EX Series switches allow you to generate custom self-signed certificates and store them in the file system. The certificate you generate manually can coexist with the automatically generated self-signed certificate on the switch. To enable secure access to the switch over SSL, you can use either the system-generated self-signed certificate or a certificate you have generated manually.

To generate self-signed certificates manually, you must complete the following tasks:

Generating a Public-Private Key Pair on Switches

A digital certificate has an associated cryptographic key pair that is used to sign the certificate digitally. The cryptographic key pair comprises a public key and a private key. When you generate a self-signed certificate, you must provide a public-private key pair that can be used to sign the self-signed certificate. Therefore, you must generate a public-private key pair before you can generate a self-signed certificate.

To generate a public-private key pair:

Note:

Optionally, you can specify the encryption algorithm and the size of the encryption key. If you do not specify the encryption algorithm and encryption key size, default values are used. The default encryption algorithm is RSA, and the default encryption key size is 1024 bits.

After the public-private key pair is generated, the switch displays the following:

Generating Self-Signed Certificates on Switches

To generate the self-signed certificate manually, include the certificate ID name, the subject of the distinguished name (DN), the domain name, the IP address of the switch, and the e-mail address of the certificate holder:

The certificate you have generated is stored in the switch’s file system. The certificate ID you have specified while generating the certificate is a unique identifier that you can use to enable the HTTPS or XNM-SSL services.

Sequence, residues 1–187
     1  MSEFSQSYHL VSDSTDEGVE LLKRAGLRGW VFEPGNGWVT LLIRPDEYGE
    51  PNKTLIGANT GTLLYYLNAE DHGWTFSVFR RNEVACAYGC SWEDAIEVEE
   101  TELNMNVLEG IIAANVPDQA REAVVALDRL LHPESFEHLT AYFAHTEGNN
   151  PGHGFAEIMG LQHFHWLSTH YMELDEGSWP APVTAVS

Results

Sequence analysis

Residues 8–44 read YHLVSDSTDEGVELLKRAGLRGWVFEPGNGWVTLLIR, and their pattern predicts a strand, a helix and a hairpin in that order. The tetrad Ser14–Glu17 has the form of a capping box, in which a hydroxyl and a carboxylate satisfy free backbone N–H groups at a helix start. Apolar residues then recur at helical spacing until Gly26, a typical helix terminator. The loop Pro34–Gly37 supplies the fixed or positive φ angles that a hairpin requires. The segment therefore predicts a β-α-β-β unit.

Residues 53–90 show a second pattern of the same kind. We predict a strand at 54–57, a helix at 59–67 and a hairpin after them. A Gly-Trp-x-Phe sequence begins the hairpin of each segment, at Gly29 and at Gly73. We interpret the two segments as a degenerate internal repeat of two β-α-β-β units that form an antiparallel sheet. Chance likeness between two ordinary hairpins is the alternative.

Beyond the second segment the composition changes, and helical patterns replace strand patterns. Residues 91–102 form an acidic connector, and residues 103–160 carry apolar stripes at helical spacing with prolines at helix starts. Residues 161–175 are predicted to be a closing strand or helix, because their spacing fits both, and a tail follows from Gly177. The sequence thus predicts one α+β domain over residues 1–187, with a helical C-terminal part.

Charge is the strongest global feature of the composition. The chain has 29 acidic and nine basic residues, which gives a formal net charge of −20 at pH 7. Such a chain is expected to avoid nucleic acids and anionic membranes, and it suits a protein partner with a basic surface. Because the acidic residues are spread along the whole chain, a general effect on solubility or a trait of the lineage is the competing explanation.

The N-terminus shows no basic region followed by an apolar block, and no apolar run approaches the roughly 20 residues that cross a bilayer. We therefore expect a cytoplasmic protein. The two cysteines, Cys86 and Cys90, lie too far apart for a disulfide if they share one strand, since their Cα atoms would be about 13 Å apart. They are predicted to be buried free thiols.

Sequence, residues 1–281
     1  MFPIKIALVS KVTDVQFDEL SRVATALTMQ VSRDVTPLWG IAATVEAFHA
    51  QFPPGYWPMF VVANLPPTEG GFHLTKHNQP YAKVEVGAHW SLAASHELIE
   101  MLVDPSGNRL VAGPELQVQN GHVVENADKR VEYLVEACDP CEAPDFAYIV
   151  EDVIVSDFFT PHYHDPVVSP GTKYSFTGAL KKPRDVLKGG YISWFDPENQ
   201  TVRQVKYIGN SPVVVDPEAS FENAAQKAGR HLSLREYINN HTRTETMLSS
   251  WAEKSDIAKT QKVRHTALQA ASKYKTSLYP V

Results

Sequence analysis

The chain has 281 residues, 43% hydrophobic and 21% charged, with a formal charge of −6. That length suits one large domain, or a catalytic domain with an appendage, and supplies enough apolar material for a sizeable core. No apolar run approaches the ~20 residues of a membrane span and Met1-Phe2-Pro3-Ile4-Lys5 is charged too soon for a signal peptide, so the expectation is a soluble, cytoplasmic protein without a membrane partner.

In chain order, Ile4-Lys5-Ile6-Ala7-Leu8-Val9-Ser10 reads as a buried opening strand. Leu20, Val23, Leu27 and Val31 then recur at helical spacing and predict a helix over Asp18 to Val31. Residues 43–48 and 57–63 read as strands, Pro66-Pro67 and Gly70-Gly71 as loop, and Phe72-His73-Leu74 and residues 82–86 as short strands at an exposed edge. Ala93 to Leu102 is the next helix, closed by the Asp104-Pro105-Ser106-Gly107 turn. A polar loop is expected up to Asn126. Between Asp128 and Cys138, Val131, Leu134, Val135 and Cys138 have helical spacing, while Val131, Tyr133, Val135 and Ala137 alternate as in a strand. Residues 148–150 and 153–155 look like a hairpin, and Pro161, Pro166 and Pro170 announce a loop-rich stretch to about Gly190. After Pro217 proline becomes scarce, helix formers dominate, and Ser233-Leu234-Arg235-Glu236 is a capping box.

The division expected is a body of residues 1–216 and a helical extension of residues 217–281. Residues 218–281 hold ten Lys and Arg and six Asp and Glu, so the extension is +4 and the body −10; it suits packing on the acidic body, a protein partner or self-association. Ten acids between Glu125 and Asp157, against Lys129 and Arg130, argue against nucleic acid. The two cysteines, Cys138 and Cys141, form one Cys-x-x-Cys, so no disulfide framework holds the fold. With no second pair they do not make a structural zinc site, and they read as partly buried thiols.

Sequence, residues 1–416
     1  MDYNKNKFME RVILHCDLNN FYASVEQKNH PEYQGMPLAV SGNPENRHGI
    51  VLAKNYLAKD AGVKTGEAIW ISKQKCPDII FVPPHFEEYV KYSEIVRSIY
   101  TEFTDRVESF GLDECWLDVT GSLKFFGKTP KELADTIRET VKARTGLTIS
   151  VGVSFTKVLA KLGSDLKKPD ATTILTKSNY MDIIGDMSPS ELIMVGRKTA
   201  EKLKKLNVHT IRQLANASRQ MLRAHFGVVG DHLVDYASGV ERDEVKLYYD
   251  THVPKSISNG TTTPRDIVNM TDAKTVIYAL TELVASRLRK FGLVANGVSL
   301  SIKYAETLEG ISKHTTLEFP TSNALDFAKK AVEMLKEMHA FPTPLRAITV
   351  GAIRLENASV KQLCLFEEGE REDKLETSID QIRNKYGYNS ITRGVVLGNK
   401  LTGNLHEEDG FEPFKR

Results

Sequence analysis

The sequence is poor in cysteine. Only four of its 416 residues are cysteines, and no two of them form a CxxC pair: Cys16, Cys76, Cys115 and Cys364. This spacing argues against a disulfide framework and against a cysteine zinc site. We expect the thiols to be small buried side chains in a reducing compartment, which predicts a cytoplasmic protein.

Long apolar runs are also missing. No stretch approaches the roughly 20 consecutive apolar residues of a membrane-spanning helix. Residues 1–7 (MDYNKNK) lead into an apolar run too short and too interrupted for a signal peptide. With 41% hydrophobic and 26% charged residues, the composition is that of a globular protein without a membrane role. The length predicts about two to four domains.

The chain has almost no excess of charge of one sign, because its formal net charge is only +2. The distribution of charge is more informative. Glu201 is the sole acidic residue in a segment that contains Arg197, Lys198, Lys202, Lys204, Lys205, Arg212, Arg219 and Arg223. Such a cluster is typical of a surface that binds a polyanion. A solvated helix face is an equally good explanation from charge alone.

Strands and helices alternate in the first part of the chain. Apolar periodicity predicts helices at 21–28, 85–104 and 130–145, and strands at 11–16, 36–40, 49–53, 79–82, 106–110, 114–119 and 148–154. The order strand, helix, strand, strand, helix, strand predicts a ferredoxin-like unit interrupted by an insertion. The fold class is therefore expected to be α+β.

To verify that the certificate was generated and loaded properly, enter the show security pki local-certificate operational command.

Example: Configuring Secure Web Access

This example shows how to configure secure Web access on your device.

Requirements

No special configuration beyond device initialization is required before configuring this feature.

Note:

You can enable HTTPS access on specified interfaces. If you enable HTTPS without specifying an interface, HTTPS is enabled on all interfaces.

Overview

In this example, you import the SSL certificate that you have generated as a new and private key in PEM format. You then enable HTTPS access and specify the SSL certificate to be used for authentication. Finally, you specify the port as 8443 on which HTTPS access is to be enabled.

Topology

Configuration

Procedure

CLI Quick Configuration

To quickly configure this example, copy the following commands, paste them into a text file, remove any line breaks, change any details necessary to match your network configuration, copy and paste the commands into the CLI at the [edit] hierarchy level, and then enter commit from configuration mode.

Step-by-Step Procedure

The following example requires you to navigate various levels in the configuration hierarchy. For instructions on how to do that, see Using the CLI Editor in Configuration Mode in the CLI User Guide.

To configure secure Web access on your device:

  1. Import the SSL certificate and private key.

  2. Enable HTTPS access and specify the SSL certificate and port.

Results

From configuration mode, confirm your configuration by entering the show security command. If the output does not display the intended configuration, repeat the configuration instructions in this example to correct it.

If you are done configuring the device, enter commit from configuration mode.

Verification

Confirm that the configuration is working properly.

Verifying an SSL Certificate Configuration

Purpose

Verify the SSL certificate configuration.

Action

From operational mode, enter the show security command.

Verifying a Secure Access Configuration

Purpose

Verify the secure access configuration.

Action

From operational mode, enter the show system services command. The following sample output displays the sample values for secure Web access: